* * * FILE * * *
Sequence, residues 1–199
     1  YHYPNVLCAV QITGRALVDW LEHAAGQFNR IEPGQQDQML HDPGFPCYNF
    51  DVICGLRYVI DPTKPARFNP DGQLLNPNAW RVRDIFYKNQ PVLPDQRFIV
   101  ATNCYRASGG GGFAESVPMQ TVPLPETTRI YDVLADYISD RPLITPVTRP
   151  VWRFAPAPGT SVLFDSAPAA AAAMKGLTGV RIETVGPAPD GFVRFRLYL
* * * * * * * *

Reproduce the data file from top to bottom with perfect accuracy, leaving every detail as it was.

Sequence, residues 1–199
     1  YHYPNVLCAV QITGRALVDW LEHAAGQFNR IEPGQQDQML HDPGFPCYNF
    51  DVICGLRYVI DPTKPARFNP DGQLLNPNAW RVRDIFYKNQ PVLPDQRFIV
   101  ATNCYRASGG GGFAESVPMQ TVPLPETTRI YDVLADYISD RPLITPVTRP
   151  VWRFAPAPGT SVLFDSAPAA AAAMKGLTGV RIETVGPAPD GFVRFRLYL